After=network-online.target [Service]
User=influxdb
Group=influxdb
LimitNOFILE=65536
EnvironmentFile=-/etc/default/influxdb
ExecStart=/usr/bin/influxd -config /etc/influxdb/influxdb.conf $INFLUXD_OPTS
KillMode=control-group
Restart=on-failure [Install]
WantedBy=multi-user.target
Alias=influxd.service

By default, InfluxDB runs on port 8086.

c – Configure your InfluxDB instance

As a reminder, the configuration file is located at /etc/influxdb/influxdb.conf.

First, we are going to make sure that the HTTP endpoint is correctly enabled.

Head over to the [http], and verify the enabled parameter.

[http] # Determines whether HTTP endpoint is enabled. enabled = true # Determines whether the Flux query endpoint is enabled. flux-enabled = true # The bind address used by the HTTP service. bind-address = ":8086"

Optional : you can enable HTTP request logging by modifying the log-enabled parameter in the configuration file.

# Determines whether HTTP request logging is enabled.
log-enabled = true

d – Test your InfluxDB instance

In order to test your InfluxDB instance, first launch the CLI by submitting the “influx” command.

schkn@schkn-ubuntu:/etc/influxdb$ influx
Connected to http://localhost:8086 version 1.7.2
InfluxDB shell version: 1.7.7
> show databases
name: databases
name
_internal

To test that your HTTP request endpoint is correctly enabled, launch the following command:

$ schkn@schkn-ubuntu:/etc/influxdb$ curl -G http://localhost:8086/query --data-urlencoded"q=SHOW DATABASES" {"results":[{"statement_id":0,"series":[{"name":"databases","columns":["name"],"values":[["_internal"]]}]}]}

Great!

You now have successfully installed InfluxDB 1.7.x running on your instance.

If you want to secure it with authentication and authorization, there is a bonus section about it at the end.

II – Installing InfluxDB 2.0

As a quick reminder, InfluxDB is shifting towards version 2.0.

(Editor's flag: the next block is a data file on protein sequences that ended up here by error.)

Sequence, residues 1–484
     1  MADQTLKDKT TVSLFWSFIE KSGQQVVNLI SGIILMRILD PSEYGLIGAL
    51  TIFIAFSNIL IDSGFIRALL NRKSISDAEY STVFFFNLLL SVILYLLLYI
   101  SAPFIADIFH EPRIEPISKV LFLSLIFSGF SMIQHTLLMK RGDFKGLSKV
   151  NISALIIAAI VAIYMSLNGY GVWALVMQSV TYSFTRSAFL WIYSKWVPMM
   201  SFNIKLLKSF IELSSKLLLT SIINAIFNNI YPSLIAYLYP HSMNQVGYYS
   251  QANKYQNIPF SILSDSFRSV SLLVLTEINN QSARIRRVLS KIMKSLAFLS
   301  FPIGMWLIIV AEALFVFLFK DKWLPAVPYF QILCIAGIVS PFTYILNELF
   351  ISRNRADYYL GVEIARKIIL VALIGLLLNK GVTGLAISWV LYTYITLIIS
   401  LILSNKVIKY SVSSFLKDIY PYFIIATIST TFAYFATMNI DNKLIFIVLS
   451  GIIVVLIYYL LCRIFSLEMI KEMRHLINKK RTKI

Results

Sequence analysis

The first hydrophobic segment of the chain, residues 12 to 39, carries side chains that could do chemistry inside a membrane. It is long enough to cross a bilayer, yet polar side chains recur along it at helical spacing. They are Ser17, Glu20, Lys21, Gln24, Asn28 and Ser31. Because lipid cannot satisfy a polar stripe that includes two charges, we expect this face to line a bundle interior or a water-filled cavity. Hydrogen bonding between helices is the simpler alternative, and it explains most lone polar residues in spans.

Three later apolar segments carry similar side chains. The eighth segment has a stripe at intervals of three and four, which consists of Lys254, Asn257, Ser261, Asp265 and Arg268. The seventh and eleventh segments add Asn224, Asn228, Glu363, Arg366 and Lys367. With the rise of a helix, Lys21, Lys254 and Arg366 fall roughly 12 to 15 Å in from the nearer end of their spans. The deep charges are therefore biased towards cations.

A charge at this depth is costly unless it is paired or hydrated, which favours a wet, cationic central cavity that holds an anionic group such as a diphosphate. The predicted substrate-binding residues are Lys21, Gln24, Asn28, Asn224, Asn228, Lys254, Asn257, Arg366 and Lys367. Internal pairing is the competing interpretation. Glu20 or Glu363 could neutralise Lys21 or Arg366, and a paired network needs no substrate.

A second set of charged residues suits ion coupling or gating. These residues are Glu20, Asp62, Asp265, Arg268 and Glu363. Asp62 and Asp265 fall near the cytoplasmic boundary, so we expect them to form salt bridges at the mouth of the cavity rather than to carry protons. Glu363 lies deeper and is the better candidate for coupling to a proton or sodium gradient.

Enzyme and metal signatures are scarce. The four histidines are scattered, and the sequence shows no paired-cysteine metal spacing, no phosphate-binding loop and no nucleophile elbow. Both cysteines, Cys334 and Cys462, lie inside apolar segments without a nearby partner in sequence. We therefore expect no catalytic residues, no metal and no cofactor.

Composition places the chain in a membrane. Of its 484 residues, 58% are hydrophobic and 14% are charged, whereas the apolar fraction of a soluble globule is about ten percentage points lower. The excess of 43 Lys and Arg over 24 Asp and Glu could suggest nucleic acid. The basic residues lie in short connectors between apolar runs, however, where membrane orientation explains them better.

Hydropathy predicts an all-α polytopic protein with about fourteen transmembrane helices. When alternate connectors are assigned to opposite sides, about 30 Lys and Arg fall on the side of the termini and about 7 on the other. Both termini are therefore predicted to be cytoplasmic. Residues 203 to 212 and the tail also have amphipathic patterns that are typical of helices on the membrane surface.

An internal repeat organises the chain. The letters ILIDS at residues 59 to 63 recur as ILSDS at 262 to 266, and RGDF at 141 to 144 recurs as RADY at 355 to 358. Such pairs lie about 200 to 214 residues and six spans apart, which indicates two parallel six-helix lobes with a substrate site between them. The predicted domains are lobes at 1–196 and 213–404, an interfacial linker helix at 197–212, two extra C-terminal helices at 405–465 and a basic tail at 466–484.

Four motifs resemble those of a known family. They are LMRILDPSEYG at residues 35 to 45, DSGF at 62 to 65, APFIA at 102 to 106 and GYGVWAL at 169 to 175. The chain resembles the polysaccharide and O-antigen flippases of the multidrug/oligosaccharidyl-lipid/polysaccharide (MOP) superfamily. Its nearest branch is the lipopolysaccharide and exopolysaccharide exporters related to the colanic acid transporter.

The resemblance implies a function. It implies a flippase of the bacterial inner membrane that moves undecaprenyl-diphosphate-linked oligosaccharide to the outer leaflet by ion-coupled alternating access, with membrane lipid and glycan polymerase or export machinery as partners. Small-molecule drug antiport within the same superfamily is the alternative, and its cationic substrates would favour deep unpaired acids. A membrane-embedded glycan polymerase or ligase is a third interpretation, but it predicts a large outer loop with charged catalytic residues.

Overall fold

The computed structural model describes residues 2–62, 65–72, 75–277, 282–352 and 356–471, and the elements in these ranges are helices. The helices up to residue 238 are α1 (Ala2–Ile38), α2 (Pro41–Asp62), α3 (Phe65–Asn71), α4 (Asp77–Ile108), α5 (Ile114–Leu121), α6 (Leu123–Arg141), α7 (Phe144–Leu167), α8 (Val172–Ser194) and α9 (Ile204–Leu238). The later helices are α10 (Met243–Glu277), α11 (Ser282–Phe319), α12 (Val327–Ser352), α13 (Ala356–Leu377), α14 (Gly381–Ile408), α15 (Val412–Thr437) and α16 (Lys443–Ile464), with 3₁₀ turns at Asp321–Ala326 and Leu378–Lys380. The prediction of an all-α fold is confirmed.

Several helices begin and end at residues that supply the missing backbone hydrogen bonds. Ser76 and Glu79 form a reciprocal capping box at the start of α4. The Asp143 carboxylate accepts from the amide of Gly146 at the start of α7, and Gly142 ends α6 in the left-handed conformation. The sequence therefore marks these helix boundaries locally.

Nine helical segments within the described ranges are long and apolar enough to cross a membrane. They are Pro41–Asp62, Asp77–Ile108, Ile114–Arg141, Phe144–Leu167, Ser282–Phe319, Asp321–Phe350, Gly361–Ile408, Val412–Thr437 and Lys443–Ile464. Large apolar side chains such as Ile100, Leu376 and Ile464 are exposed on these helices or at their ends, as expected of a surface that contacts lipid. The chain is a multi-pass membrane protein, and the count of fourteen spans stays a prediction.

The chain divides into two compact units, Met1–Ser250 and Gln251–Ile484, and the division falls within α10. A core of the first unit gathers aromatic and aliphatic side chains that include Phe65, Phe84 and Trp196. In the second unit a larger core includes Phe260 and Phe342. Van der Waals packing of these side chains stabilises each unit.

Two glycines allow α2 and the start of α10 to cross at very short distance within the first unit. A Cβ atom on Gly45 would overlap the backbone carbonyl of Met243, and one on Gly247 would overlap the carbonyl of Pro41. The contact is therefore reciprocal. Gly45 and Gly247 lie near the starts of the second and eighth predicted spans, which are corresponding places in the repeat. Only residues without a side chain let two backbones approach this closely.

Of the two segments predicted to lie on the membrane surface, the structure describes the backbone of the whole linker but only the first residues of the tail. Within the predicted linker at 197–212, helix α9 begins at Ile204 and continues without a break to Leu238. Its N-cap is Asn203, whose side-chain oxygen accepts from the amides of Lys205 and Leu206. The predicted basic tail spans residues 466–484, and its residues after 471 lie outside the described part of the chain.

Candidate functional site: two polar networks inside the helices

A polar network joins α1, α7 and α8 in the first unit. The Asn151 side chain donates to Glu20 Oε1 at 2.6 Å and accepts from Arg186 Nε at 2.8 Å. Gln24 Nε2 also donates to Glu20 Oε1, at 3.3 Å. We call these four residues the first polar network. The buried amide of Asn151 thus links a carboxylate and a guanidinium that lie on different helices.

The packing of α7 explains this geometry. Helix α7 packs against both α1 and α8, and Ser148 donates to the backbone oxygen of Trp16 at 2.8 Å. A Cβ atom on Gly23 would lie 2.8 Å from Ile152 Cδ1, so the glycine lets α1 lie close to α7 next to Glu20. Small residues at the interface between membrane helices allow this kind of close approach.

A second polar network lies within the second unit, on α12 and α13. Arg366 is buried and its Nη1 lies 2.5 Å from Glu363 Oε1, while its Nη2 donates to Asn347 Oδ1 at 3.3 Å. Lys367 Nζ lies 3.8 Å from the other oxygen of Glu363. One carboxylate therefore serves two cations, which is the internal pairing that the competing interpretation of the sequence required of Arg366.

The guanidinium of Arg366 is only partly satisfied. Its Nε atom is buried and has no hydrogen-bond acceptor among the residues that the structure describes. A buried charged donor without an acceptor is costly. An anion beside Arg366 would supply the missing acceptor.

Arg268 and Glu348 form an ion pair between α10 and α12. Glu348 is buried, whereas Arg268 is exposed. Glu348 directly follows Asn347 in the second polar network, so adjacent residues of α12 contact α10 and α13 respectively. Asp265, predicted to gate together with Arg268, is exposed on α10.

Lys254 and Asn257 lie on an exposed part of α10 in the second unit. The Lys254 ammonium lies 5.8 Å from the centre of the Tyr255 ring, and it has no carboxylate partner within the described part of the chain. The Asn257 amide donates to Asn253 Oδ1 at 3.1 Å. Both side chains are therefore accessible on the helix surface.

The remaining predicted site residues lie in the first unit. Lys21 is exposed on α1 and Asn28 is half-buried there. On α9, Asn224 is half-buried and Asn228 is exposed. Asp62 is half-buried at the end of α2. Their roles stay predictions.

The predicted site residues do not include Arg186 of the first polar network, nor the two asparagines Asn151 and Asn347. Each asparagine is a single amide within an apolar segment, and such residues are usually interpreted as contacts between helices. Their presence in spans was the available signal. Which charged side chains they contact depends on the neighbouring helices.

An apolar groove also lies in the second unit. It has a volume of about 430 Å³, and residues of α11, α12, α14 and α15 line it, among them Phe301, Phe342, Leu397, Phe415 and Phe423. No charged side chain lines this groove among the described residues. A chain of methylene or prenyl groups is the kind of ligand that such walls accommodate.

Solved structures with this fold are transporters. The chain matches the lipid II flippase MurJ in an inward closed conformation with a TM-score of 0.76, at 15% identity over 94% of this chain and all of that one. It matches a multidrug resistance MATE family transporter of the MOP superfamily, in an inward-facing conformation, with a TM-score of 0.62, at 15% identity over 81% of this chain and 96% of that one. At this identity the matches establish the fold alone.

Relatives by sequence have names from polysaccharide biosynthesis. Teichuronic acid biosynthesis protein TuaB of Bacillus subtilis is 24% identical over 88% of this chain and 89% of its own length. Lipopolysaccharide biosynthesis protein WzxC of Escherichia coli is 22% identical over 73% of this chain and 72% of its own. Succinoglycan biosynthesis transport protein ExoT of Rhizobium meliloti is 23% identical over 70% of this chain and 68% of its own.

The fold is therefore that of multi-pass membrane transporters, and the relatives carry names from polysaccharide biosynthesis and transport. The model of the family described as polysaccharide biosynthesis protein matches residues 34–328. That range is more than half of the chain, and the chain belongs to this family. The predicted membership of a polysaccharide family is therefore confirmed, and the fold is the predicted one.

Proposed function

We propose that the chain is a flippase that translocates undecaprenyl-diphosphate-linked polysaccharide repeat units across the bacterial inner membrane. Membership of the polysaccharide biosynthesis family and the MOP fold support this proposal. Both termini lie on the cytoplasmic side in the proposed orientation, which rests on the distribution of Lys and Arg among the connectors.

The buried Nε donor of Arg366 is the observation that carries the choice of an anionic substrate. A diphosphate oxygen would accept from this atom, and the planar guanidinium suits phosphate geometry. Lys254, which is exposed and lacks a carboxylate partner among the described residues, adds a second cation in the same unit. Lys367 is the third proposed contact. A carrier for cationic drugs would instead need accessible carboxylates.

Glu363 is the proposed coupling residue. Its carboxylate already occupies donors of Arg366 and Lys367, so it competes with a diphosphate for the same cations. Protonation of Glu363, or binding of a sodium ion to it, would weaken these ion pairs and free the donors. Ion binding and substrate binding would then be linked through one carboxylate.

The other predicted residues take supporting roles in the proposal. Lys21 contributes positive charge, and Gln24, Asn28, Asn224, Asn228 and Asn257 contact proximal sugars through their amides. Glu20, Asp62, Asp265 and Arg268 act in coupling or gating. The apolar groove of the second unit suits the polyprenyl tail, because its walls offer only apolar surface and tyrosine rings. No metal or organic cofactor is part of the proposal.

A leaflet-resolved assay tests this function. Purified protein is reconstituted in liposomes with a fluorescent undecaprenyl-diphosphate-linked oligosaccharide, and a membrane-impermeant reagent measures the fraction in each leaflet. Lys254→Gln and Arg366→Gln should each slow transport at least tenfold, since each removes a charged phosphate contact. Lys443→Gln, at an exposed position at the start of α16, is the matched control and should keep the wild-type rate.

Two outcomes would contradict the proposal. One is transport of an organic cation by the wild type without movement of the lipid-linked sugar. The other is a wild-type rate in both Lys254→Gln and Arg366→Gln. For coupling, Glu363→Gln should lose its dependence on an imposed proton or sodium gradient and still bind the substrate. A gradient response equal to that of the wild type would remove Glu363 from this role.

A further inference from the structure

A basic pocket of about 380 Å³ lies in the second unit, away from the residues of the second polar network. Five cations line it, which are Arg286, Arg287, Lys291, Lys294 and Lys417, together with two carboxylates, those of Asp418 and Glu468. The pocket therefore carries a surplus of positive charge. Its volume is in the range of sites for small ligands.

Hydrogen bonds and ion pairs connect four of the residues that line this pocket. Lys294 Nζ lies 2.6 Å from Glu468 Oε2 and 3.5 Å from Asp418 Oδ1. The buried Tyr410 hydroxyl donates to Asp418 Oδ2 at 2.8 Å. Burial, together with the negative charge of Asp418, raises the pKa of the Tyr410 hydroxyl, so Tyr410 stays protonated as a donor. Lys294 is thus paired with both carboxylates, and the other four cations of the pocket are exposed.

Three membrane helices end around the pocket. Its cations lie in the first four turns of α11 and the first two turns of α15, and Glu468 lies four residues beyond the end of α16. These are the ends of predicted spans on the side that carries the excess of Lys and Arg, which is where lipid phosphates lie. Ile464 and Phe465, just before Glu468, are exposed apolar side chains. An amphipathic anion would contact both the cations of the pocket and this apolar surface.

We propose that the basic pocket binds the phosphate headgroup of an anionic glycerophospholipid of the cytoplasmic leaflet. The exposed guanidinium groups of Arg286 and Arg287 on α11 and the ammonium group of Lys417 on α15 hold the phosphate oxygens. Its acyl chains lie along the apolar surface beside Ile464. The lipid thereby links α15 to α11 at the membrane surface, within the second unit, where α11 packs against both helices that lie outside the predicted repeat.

Before, in version 1.7.x, you had four different components that one would assemble to form the TICK stack (Telegraf, InfluxDB, Chronograf and Kapacitor).

In version 2.0, InfluxDB becomes a single platform for querying, visualization and data manipulation.

InfluxDB could be renamed Influx 2.0, as it is not simply a time series database anymore, but a whole platform for your needs.

Here are the complete steps to install InfluxDB 2.0 on your Linux machine.

a – Download InfluxDB 2.0 archive from the website.

Head to the Linux section, and copy the link for your CPU architecture.

The archives for InfluxDB 2.0 are available on this website : https://v2.docs.influxdata.com/v2.0/get-started/

Installing InfluxDB 2.0 instructions

When the link is copied, similarly to what you have done before, download the archive using a wget command.

$ wget https://dl.influxdata.com/influxdb/releases/influxdb _2.0.0-alpha.14_linux_amd64.tar.gz
$ tar xvzf influxdb_2.0.0-alpha.14_linux_amd64.tar.gz

As you probably noticed, InfluxDB 2.0 does not come yet as a service. This is what we are going to do in the next steps.

b – Move the binaries to your $PATH

Later on, we are going to use those binaries in our service file.

As a consequence, we need those files to be stored in a location where we can find them.

$ sudo cp influxdb_2.0.0-alpha.14_linux_amd64/{influx,influxd} /usr/local/bin/

c – Create an InfluxDB 2.0 service

As always, if this is not already the case, create a influxdb user on your machine.

$ sudo useradd -rs /bin/false influxdb

In the /lib/systemd/system folder, create a new influxdb2.service file.

$ sudo vi influxdb2.service

Paste the following configuration inside.

[Unit]
Description=InfluxDB 2.0 service file.
Documentation=https://v2.docs.influxdata.com/v2.0/get-started/
After=network-online.target [Service]
User=influxdb
Group=influxdb
ExecStart=/usr/local/bin/influxd Restart=on-failure [Install]
WantedBy=multi-user.target

You can now start your service.

Make sure that your service is up and running before continuing.

$ sudo systemctl start influxdb2
$ sudo systemctl status influxdb2
● influxdb2.service - InfluxDB 2.0 service file. Loaded: loaded (/lib/systemd/system/influxdb2.service; disabled; vendor preset: enabled) Active: active (running) since Wed 2019-07-03 21:23:28 UTC; 4s ago Docs: https://v2.docs.influxdata.com/v2.0/get-started/ Main PID: 22371 (influxd) Tasks: 10 (limit: 4704) CGroup: /system.slice/influxdb2.service └─22371 /usr/local/bin/influxd

Awesome! Your InfluxDB 2.0 service is now running.

We are now going to configure the minimal setup for your server.

d – Setting up InfluxDB 2.0

The first step to configure your InfluxDB 2.0 server is to navigate to http://localhost:9999.

You should now see the following screen:

InfluxDB 2.0 setup screen

Click on the “Get Started” button.